One of the aspects of Etched on Me that I found fascinating was how motherhood impacted Lesley and her mental illness. I asked Ms. Crowell about this, and here is her response:
|Photo by Hedy Bartleson|
I also asked Ms Crowell if writing Etched on Me was a therapeutic process for her.
I don’t view my writing as therapy (I had plenty of professional therapy while writing Etched On Me, as I’m sure you can tell from the acknowledgments page!), but I would say that writing about a topic that you have personal experience with, and breaking the silence our culture places on the stories of people like you, can be very empowering – and it’s critical when you are in the midst of being disempowered by those societal forces.
As an example: During the time I was working on Etched On Me, I was sexually assaulted while on an inpatient ward, and the hospital and police basically treated it like no big deal. Their dismissals communicated to me that, as a woman with mental illness, I was already damaged goods, and therefore my being violated didn’t matter. There were many, many times when I felt like it was a losing battle to speak out and take on the system, but I felt a duty to hang in there and do it for all of us “Phoenix-girls,” as Lesley calls her fellow wardmates. (In the end, we settled out of court and the hospital never admitted fault, but my advocacy efforts with state agencies resulted in some significant changes being made at that hospital.)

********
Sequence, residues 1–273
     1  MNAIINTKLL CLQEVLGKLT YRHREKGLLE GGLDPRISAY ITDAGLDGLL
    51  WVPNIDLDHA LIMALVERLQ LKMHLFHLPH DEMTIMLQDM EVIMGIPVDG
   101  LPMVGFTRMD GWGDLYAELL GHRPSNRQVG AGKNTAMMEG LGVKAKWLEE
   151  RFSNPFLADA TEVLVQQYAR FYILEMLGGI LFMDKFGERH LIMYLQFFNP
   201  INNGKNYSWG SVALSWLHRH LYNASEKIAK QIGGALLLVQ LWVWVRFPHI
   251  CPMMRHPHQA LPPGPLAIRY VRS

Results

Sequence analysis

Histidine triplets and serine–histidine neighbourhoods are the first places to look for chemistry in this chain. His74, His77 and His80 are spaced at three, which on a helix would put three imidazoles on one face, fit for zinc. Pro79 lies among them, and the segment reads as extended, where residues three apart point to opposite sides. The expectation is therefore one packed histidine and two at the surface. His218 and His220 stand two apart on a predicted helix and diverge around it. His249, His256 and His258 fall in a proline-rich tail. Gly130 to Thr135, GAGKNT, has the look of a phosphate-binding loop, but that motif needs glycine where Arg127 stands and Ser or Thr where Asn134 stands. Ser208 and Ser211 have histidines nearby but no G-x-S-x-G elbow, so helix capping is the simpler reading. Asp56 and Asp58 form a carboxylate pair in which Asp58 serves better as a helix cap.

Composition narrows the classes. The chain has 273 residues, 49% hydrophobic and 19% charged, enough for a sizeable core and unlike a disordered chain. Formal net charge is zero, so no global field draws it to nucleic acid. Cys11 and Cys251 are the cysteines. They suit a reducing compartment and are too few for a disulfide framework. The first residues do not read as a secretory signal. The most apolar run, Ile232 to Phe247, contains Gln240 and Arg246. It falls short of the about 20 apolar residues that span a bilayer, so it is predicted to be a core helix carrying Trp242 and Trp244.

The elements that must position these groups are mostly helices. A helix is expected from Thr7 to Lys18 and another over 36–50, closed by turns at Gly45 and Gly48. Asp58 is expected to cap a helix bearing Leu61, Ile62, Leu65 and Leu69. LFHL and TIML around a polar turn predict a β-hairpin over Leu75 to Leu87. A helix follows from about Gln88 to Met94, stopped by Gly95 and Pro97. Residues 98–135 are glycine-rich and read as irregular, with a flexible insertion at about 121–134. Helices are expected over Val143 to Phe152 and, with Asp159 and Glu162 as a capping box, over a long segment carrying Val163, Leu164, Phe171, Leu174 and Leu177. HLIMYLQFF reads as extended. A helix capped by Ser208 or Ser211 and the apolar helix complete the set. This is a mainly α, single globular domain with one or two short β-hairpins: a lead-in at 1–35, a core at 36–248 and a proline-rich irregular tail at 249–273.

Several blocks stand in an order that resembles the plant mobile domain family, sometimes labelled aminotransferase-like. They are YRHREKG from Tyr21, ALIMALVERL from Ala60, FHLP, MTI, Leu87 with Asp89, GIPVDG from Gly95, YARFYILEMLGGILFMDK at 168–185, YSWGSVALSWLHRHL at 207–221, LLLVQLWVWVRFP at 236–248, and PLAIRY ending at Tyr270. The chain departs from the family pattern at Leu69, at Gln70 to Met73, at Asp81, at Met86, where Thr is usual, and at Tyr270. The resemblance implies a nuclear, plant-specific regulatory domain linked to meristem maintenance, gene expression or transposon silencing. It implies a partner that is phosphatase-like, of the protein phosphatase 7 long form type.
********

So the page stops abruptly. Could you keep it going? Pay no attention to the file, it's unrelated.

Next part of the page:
Throughout it all, I felt like Lesley and I were fighting the good fight together – there was a real kinship between us that felt, if not therapeutic, then at least rallying.
Etched on Me was a truly powerful book and would like to that Jenn Crowell for taking the time to answer my questions for this guest post!